Mowin4cash
11-24-2002, 10:48 AM
Just thought I'd revive this thread from "the early years". Seems like this group as a whole has really grown. Let us not forget where we came from.

Mike

lasher66
11-24-2002, 11:19 AM
I have to agree with trying to grow to quick and failing. I started off with a 36" walk behind and 15 accounts. Then every year after that I bought a new piece of equipment and gained more acccounts. When you slowly grow it makes it easier to handle your equipment expenses and dont have to worry about a $40000.00 loan you got out to start your business. It can be hard to get out a huge loan from the beginning and trying to get enough accounts to pay for it when you have virtually no experience. I wait till I get enough accounts then buy new equipment.

Lasher

deason
11-24-2002, 11:47 AM
Excellent reading here!!!

LIke others have said above, the one thing that can get you in the red faster than anything is buying qrowth into your business rather than planning for it. Making the wrong purchase at the wrong time is a killer. Just the other day I heard of a lco in the area selling out. Trailer, various tools, mowers. All purchased in the spring. He was selling them probably at 40% of what they were actually worth. Why?- He failed to factor in that he needed CUSTOMERS to make money, not just equipment.

You must be on time, do good work, be effecient, and PLAN for growth.

rodfather
11-24-2002, 01:58 PM
My dad who was the president of his own management and marketing consulting firm (large) told me a very long time ago this..."son, it isn't all about how much you make, it's about how much you get to keep".

Never the less, that thought comes into play when handling expenses (fuel, insurance, equipment, payroll, etc.) What can I do is lower them, thus making my bottom line better.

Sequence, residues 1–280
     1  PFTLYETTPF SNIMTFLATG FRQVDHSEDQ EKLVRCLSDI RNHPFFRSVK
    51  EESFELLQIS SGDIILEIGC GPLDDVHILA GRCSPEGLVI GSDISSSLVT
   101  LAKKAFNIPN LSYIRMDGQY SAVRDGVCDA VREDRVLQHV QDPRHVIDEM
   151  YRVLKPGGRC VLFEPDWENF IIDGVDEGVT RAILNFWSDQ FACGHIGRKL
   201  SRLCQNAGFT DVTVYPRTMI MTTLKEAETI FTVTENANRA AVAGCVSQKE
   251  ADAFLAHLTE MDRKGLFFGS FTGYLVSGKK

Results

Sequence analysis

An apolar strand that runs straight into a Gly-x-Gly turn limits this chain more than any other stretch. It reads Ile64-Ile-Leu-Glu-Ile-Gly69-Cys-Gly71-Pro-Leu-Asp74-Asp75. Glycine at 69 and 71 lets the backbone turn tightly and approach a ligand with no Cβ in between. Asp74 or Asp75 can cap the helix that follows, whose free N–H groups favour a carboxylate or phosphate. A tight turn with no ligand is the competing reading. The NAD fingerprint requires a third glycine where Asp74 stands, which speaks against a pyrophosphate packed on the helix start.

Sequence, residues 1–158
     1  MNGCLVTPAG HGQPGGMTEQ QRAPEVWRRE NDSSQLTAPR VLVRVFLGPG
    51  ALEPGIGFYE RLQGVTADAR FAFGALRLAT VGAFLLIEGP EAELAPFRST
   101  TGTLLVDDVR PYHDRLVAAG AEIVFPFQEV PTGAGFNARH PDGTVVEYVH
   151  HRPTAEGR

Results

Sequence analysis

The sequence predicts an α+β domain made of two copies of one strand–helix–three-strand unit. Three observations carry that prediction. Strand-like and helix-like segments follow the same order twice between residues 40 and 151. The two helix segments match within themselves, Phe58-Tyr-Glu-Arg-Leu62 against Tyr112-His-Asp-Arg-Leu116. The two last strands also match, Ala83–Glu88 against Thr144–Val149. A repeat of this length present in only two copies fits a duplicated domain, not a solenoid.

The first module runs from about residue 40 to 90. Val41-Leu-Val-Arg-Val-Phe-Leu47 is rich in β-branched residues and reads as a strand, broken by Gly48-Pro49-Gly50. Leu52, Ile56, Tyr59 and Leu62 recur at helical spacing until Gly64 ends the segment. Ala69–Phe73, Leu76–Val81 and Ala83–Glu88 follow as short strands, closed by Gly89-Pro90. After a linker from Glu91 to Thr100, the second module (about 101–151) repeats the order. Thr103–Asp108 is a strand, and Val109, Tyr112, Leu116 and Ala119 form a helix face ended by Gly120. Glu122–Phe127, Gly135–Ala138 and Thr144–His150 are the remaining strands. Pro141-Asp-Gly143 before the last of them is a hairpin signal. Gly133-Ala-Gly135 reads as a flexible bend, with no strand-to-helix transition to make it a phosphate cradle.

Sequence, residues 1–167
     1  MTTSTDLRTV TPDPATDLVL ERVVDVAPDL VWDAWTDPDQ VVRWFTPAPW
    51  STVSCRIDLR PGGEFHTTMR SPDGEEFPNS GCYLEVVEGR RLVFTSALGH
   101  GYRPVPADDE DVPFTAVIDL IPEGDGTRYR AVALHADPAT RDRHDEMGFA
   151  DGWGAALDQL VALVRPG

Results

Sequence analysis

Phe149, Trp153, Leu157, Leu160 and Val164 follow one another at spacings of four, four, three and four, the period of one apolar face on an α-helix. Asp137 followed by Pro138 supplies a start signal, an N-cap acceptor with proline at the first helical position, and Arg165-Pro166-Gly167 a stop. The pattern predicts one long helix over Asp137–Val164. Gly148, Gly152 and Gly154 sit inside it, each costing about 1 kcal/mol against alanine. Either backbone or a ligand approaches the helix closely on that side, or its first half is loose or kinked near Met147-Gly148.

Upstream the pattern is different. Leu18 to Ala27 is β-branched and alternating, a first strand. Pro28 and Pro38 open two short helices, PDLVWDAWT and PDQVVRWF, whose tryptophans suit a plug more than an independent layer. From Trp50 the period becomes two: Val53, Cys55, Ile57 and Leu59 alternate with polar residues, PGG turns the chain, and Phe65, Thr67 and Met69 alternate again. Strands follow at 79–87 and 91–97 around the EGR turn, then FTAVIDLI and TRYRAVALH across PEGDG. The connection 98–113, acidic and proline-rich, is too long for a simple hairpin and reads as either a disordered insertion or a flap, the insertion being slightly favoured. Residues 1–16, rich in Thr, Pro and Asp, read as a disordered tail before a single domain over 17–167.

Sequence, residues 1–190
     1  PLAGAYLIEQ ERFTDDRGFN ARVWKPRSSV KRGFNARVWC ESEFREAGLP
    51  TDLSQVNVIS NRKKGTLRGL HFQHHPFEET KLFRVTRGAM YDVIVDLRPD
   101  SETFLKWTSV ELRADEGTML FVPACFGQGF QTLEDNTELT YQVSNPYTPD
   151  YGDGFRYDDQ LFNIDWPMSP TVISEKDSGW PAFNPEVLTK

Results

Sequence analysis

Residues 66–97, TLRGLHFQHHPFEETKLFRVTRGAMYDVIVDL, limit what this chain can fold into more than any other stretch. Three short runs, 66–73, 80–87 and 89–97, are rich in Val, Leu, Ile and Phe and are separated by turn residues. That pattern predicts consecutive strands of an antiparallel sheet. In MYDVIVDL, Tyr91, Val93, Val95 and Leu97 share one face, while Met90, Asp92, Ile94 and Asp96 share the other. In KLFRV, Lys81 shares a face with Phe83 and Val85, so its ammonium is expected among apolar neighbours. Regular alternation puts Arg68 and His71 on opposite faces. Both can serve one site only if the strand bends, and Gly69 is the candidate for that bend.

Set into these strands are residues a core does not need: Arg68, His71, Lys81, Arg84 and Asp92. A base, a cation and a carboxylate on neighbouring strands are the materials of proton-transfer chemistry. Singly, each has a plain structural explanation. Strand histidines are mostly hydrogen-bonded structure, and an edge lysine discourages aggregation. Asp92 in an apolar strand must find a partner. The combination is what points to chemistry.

Just my 2 cents.

JimLewis
11-24-2002, 02:16 PM
Wow. A lot of stuff already said. A lot of it I agree with, some I disagree with. And other stuff hasn't been addressed. I'll try to touch on these.

First, I am not sure I agree that trying to grow too big too fast is necessarily a killer. Since day one I've been trying to grow as fast as I could. I slowed down as we got bigger because I was pretty comfortable financially. But overall, we still have more growth than most other LCOs around here. I think you just have to be careful to keep that growth in check with reality. Buying big expensive trucks and equipment when you can't afford to will obviously hurt. I've never done that though. We grew like crazy but I never bought a new truck until I had tons of clients and was making really good $. And even now, we only have one new truck - mine. I don't waste money on new trucks for my crews.

I agree that spending $ as soon as you get it, without reinvesting, saving, etc. is a big one. And it's a fault of many of us. If you don't get that under control eventually it will kill you.

I agree with the lawnguy that trying to be a jack of all trades isn't good. Start out slow and master one trade at a time. I just started with lawn care. After 3-4 years doing that and mastering it, we began to diversify (slowly) into other landscaping areas.

I am not sure I agree that not having a business plan is necessarily going to kill you. I've never had one. It's always just been in my head what my short term and long term goals and plans were. And since I haven't ever borrowed $ from banks, I haven't seen any need for an official business plan.

I think the #1 reason most businesses fail (and especially ours) is the owner just sucks at marketing. There are guys in my town with crappy flyers (or they don't do flyers at all), junky looking trucks and trailers with no company image or lettering on them, poor unprofessional estimates, no uniforms, no web page or a really crappy one, cheap business cards, etc. And then they are trying to market their business to white coller professionals who notice all of this stuff. And then we come in with all our ducks in a row, still offering a competitive price, and just blow these guys out of the water.